• 2
    $\begingroup$ Is it clear that this expression with det is integer? $\endgroup$ – Fedor Petrov Jan 17 at 11:00
  • 3
    $\begingroup$ Note that in my formula the class number $h(p)$ for $p\equiv1\pmod4$ is not related to the fundamental unit of $\mathbb Q(\sqrt p)$. For $p\equiv3\pmod4$, the determinant is not an integer. $\endgroup$ – Zhi-Wei Sun Jan 17 at 13:34

If by

"the class number $h(p^*)$ of the quadratic field $\mathbb{Q}(\sqrt{p^*})$"

you mean

"the minus class number $h^{-}$ of $\mathbf{Q}(\zeta_p)$"

and if by

" a possible new formula for the class number"

you mean

"an elementary formula for $h^{-}$ known to Kummer (obtained by considering the ratio of the zeta functions of $\mathbf{Q}(\zeta_p)$ and the totally real subfield $\mathbf{Q}(\zeta_p)^{+}$ at s = 1)"

Then you are correct.

  • 2
    $\begingroup$ Could you add a reference for this (especially for the connection to Kumner)? $\endgroup$ – Peter LeFanu Lumsdaine Jan 17 at 18:35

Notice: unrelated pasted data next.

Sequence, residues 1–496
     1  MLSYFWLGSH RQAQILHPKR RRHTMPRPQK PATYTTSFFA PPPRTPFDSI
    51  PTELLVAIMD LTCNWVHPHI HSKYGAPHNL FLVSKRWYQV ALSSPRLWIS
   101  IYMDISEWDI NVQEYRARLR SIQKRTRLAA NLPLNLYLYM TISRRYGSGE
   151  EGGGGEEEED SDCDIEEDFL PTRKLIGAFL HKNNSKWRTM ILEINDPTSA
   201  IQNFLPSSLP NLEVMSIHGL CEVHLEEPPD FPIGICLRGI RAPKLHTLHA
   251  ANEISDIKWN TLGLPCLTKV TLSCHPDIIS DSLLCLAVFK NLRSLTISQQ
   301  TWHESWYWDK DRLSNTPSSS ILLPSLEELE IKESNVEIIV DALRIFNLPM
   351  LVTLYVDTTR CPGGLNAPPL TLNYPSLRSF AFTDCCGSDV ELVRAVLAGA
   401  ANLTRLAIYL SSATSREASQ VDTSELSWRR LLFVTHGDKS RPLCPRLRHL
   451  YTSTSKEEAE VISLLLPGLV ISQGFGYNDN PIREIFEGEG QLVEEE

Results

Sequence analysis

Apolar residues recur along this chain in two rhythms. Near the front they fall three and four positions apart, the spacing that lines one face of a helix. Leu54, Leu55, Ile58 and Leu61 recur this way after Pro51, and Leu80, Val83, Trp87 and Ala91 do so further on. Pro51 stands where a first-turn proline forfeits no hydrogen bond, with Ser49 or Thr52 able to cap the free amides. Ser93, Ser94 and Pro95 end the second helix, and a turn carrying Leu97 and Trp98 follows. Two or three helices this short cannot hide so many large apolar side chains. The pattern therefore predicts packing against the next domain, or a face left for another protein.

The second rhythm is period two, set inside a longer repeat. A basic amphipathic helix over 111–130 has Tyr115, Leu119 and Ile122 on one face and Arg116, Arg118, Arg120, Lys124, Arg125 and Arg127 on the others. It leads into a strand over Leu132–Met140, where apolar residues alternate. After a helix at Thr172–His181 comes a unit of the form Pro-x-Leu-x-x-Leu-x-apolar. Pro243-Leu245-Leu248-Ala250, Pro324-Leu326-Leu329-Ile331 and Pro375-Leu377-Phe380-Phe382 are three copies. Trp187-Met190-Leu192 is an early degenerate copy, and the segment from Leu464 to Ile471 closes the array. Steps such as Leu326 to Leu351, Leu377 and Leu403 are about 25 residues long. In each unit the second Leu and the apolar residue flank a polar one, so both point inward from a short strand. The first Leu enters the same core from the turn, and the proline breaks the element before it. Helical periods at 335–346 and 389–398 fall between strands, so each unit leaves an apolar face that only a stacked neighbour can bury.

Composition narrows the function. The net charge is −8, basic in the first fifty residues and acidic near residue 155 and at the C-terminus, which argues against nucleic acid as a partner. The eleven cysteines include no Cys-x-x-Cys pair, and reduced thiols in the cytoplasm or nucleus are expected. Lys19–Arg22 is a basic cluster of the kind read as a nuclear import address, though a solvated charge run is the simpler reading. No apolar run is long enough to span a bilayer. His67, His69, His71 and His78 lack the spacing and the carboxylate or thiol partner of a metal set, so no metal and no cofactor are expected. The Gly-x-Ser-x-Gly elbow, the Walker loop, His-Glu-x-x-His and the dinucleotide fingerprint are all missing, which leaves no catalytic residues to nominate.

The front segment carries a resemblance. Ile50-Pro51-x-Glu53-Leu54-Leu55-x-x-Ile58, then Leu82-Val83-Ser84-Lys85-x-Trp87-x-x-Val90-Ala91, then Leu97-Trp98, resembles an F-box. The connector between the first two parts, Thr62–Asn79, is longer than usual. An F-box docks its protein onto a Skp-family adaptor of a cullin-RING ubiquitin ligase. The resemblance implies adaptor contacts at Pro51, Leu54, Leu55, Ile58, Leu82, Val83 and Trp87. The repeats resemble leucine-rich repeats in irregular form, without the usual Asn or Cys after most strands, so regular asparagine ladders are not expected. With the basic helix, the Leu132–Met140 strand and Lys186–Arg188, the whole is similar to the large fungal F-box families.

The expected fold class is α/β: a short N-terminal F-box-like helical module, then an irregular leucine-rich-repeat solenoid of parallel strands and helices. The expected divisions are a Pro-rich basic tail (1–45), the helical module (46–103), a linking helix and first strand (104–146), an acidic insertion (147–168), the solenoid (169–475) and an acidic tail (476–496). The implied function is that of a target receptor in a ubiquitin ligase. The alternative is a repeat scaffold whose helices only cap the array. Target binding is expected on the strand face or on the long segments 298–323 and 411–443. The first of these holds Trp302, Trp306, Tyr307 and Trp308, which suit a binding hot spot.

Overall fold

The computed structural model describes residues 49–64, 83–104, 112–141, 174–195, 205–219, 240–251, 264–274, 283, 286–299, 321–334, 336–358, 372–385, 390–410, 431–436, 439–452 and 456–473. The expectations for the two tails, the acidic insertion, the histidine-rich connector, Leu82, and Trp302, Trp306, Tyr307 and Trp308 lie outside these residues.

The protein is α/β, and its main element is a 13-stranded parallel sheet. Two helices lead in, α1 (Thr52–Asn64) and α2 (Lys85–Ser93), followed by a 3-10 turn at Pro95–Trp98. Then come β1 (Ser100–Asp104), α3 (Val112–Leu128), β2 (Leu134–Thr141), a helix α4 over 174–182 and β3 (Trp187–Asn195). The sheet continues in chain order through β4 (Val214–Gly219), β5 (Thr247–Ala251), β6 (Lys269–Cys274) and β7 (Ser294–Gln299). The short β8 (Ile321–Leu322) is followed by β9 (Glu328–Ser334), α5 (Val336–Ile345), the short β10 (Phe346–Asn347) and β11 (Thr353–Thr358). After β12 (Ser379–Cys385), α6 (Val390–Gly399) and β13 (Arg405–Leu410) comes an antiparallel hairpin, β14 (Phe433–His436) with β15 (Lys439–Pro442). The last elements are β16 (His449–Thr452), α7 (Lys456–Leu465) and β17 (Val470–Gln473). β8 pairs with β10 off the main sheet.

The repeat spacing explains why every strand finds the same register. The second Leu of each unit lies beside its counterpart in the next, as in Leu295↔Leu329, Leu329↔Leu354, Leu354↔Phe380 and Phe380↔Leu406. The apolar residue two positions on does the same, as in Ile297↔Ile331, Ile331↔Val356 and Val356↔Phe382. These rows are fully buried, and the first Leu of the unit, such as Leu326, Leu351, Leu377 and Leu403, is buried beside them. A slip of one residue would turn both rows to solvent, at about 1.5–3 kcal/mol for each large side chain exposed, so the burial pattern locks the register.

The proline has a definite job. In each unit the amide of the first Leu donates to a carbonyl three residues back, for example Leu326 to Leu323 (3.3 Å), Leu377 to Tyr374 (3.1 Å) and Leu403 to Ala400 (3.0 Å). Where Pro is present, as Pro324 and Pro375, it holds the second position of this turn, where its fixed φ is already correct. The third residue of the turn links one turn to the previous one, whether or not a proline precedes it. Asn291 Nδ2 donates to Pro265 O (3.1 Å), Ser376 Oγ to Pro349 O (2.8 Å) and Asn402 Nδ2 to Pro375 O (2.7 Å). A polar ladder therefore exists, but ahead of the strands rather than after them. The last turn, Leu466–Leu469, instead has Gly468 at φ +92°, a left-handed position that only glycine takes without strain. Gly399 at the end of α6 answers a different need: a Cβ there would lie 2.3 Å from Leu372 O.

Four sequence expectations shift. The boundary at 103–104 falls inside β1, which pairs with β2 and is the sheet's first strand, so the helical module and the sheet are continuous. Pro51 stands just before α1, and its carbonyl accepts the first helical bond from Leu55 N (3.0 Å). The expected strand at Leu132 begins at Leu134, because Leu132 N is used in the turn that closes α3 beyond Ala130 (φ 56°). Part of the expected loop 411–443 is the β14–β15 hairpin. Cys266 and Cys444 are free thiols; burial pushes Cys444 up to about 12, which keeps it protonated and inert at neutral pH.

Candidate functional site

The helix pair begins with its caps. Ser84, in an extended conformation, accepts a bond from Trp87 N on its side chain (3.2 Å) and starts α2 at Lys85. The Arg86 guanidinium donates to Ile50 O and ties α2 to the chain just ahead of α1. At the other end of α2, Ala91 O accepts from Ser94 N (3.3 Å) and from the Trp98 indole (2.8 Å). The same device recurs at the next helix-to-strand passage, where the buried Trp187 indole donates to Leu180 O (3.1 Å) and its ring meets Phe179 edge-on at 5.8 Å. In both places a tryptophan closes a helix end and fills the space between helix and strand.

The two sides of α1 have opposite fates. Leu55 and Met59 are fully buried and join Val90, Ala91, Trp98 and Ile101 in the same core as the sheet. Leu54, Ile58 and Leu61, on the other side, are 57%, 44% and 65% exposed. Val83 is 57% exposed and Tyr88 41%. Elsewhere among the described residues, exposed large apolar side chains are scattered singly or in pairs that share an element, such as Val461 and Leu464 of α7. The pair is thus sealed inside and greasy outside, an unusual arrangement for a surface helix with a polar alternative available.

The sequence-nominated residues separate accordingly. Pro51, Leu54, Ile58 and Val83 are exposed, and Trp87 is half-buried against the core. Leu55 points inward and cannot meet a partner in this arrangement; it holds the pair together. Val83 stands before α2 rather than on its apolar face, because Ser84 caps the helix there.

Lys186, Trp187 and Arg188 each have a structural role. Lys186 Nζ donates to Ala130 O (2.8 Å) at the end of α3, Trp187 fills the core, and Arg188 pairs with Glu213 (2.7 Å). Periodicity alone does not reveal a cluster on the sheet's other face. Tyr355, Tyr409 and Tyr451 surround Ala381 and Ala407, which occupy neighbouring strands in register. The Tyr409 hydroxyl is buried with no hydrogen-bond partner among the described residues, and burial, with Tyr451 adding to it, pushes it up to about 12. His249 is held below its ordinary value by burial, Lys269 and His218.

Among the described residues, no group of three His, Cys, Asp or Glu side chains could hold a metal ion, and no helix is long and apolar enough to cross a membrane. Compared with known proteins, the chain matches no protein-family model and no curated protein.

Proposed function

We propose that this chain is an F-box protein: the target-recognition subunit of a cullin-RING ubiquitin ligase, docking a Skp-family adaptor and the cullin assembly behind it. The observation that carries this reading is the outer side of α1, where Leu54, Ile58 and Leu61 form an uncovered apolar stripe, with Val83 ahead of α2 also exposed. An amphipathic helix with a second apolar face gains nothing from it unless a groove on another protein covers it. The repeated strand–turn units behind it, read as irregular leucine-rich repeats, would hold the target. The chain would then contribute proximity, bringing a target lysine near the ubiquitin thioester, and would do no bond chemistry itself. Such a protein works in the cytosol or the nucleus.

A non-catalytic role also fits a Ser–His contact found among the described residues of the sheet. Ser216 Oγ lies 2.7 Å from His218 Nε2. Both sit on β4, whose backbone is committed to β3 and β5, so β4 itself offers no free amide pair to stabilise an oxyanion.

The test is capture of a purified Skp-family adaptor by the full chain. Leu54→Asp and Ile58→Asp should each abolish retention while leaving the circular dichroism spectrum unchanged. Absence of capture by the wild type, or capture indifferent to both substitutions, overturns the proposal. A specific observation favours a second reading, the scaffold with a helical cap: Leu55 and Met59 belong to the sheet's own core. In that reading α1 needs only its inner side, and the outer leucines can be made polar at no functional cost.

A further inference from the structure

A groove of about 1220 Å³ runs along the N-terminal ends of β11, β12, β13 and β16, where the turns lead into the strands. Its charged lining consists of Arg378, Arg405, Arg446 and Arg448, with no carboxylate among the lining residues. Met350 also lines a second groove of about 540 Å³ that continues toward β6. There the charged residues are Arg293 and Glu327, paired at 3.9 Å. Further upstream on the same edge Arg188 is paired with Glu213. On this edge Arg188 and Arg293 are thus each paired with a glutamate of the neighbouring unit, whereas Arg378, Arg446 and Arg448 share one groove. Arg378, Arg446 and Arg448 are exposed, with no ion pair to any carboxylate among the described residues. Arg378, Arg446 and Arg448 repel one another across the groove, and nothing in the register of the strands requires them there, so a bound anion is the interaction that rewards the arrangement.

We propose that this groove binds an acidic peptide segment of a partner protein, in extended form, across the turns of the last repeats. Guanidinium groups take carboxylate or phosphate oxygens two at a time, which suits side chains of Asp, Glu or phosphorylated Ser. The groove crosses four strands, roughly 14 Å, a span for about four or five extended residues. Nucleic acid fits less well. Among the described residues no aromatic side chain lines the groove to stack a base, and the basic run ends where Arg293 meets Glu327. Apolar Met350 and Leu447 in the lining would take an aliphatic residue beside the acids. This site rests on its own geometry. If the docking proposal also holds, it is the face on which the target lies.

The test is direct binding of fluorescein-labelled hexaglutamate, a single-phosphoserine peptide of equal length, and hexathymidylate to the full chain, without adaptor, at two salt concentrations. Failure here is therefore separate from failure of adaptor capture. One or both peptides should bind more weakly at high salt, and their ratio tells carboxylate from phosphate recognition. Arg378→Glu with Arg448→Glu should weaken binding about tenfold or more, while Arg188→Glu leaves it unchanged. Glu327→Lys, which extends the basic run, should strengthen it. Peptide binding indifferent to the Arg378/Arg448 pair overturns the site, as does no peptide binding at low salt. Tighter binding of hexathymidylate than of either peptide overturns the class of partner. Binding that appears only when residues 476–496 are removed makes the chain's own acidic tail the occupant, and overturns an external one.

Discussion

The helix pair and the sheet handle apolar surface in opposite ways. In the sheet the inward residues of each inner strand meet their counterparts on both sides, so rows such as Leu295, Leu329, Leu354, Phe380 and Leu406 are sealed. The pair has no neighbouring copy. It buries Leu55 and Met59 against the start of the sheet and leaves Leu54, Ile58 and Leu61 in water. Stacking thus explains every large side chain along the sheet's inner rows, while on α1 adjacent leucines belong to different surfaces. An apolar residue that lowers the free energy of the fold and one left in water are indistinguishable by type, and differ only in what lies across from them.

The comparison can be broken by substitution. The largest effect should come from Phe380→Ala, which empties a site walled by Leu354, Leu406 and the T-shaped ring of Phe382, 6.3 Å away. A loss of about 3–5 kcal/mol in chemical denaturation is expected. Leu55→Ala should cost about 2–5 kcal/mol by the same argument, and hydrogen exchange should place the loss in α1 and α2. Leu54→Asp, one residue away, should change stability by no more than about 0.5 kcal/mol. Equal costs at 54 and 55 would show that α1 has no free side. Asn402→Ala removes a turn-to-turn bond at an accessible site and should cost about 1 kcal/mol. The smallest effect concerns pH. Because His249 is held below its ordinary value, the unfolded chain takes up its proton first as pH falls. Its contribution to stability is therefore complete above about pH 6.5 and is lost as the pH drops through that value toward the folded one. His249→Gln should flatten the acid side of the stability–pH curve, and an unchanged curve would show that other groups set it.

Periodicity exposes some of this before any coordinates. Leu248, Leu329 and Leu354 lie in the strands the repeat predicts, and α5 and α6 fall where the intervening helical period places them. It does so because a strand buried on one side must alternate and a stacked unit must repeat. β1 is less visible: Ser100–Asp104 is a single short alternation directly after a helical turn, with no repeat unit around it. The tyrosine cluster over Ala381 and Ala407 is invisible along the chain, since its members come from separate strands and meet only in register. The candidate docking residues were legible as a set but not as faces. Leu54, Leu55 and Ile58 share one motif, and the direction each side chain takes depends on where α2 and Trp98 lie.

• 22
    $\begingroup$ Why so snarky? Formulas like this lose none of their magic just by being incorrectly phrased and over a century old. $\endgroup$ – Dustin Clausen Jan 17 at 19:24
  • 10
    $\begingroup$ @DustinClausen Your second comment is certainly true. As to the first, the phrasing should be viewed in the context of the quality and frequency of the OPs recent questions, together with the self-promotional reference to the OP's own paper, and finally due to being written by a curmudgeon. $\endgroup$ – user134696 Jan 18 at 0:32
  • 2
    $\begingroup$ What you say is interesting (more interesting than most of the OP's questions). Can you please provide more detail? $\endgroup$ – GH from MO Jan 18 at 5:18
  • 7
    $\begingroup$ @user134696 you of course do not, but maybe somebody else do? After all, this site is exactly for concerning other's failures. $\endgroup$ – Fedor Petrov Jan 18 at 8:26

The conjecture is not true, as some examples show.

Let $D(p)$ denote your number. For primes $p \equiv 1 \textrm{ mod } 4$, we have $D(29)=8$, $D(37)=37$, $D(41)=121$ while $h(29)=h(37)=h(41)=1$.